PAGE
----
To the south of Yarigatake and the Daikiretto is Hotaka-dake, a chaotic massif of jagged rocky turrets with a high point of 3,190 meters on the main summit of Okuhotaka-dake, making it the highest peak in the North Alps (and third highest in Japan). The ridgeline between the peaks of Kita-Hotaka and Oku-Hotaka takes around three hours to traverse and involves some of the most exciting scrambling and easy rock climbing in the Alps. There are plenty of chains and paint marks to make things easier, but this is not a route for the faint hearted as it is an unrelenting scramble up and around awkward shards of rock—it is full of steep climbs and even steeper, dizzying drops. Hotaka-dake Sansō is another one of those huts built in a seemingly impossible position on a narrow ledge below Oku-Hotaka, and offers comfort and respite from the challenges of the ridge.
Leading southwest from Mt. Hotaka’s main summit is the notorious Nishi-Hotaka Ridge, an epic ridgeline of crumbling rock towers, countless minor peaks and the sharpest knife-edge ridges in the Kita Alps. It poses countless interesting challenges for experienced scramblers, including a climb up to the top of the unmistakable Gendarme, a fin-like protrusion of rock with sheer drops on either side. Most people start early from Nishiho Sansō Hut (open all year) and work their way along the ridge for the eight or nine hours it takes to traverse across to Oku-Hotaka and Hotaka-dake Sansō. It is an extremely long and committing route, only for those with excellent fitness and lots of scrambling experience, but if you like excitement and have a good head for heights it is arguably the most thrilling and enjoyable of all the “regular” ridge routes in the Japan Alps.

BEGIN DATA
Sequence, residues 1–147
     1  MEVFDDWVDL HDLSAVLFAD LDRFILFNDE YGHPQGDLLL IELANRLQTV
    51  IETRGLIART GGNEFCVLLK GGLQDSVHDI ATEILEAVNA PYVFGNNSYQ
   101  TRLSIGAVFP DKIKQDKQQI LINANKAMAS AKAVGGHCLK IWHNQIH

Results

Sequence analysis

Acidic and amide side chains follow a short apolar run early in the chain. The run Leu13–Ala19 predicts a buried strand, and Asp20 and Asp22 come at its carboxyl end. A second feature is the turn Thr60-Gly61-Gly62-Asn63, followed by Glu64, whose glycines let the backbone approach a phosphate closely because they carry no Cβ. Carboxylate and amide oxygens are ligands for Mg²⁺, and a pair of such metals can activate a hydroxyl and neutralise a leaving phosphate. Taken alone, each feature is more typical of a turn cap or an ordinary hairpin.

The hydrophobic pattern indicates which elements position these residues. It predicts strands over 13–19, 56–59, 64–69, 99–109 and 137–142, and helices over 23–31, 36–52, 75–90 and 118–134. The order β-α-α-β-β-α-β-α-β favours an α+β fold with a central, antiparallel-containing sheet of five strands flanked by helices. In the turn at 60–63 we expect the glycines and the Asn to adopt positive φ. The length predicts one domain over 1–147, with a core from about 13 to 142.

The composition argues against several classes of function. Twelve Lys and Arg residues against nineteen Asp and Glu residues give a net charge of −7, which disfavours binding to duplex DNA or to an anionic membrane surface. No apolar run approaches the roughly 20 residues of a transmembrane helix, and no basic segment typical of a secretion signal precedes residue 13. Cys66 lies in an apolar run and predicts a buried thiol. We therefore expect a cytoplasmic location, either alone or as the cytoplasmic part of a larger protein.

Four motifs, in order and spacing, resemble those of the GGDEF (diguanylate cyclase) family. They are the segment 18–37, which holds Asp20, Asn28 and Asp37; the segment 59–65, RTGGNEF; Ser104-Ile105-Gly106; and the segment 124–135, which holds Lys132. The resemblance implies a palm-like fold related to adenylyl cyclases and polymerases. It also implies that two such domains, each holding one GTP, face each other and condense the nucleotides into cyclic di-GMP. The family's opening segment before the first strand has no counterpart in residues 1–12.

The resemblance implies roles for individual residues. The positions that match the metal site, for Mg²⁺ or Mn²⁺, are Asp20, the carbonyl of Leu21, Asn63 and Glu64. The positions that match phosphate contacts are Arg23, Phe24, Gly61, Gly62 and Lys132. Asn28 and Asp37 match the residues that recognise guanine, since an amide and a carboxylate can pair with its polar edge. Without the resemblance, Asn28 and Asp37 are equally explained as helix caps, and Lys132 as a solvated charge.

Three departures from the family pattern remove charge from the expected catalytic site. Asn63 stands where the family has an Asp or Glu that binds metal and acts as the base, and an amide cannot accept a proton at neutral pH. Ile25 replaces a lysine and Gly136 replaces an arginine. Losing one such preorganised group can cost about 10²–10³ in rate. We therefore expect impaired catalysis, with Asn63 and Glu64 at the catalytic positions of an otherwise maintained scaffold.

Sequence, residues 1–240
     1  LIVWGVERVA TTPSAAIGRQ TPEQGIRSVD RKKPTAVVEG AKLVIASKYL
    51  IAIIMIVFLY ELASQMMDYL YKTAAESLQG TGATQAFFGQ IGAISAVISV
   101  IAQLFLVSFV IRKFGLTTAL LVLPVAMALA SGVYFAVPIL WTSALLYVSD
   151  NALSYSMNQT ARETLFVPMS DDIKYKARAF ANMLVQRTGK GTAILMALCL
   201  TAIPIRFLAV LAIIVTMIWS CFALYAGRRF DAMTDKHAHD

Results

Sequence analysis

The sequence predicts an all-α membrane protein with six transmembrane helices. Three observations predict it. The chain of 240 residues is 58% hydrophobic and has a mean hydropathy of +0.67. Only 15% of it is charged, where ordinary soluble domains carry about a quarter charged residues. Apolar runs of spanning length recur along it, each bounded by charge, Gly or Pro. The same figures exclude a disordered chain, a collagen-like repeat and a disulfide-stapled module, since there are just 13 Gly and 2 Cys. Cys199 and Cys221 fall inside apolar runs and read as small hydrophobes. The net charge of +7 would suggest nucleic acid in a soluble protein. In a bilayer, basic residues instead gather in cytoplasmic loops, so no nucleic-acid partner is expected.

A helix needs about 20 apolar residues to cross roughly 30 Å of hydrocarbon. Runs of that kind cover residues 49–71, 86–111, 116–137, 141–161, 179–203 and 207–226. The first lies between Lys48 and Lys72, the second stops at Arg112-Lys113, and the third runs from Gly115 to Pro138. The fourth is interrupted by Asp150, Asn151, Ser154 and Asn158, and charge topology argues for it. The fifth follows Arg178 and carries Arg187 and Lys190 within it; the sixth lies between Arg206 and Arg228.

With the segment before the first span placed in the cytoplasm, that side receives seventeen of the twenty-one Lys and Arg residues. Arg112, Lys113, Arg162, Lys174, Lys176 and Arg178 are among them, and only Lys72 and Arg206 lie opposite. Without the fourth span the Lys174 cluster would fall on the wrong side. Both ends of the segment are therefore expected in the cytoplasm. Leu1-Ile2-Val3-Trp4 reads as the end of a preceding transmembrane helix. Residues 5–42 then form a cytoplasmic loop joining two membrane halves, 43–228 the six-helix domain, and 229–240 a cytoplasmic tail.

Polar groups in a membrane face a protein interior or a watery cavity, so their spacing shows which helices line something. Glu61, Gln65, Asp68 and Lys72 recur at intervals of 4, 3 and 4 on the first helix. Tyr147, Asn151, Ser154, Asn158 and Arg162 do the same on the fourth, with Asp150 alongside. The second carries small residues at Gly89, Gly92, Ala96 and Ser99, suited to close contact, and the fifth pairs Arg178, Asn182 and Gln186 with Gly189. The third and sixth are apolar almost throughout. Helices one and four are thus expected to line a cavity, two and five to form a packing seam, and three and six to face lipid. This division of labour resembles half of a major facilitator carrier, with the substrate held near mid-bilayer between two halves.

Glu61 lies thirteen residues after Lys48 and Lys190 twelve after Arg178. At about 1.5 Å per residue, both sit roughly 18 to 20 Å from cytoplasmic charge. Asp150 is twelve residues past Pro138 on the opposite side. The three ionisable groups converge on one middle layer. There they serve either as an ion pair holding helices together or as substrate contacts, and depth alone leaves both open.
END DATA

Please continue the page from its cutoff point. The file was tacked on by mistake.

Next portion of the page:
Hiking and Trekking Guide to the Japan Alps and Mt. Fuji
Tom Fay and Wes Lang recently published “Hiking and Trekking in the Japan Alps and Mount Fuji,” the first English-language guidebook dedicated to the Japan Alps and Mt. Fuji areas. The essential guide provides comprehensive coverage of the Northern, Central and Southern Alps, plus all four trails on Mt. Fuji and another route on nearby Mt. Kurodake. The book includes:
- 27 walks and treks for hikers of all abilities, including straightforward day hikes, challenging scrambles and multi-day treks
- Full color photos and maps with elevation profiles
- Detailed information on mountain huts, camping, access, when to go and transport options
- All routes graded by difficulty, length, terrain and exposure
- Practical advice on gear, travel, accommodation, food, wildlife and much more
- Extensive appendices include route stats, mountain hut listings, Japanese glossary, useful resources and further reading
Tom Fay is a British travel and outdoors writer living in Osaka and the main author of “Hiking and Trekking in the Japan Alps and Mount Fuji”. He has hiked and climbed extensively around the world, and has a special interest in the mountains of the U.K., Iceland, the Himalayas and Japan. He is a member of the Outdoor Writers and Photographers Guild.
Wes Lang is the founder of Hiking in Japan, a website providing hiking information for mountains across Japan. He was the first American to climb the Nihon Hyakumeizan (Japan’s 100 Famous Mountains) and the first foreigner to climb the Kansai Hyakumeizan (Kansai’s 100 Famous Mountains).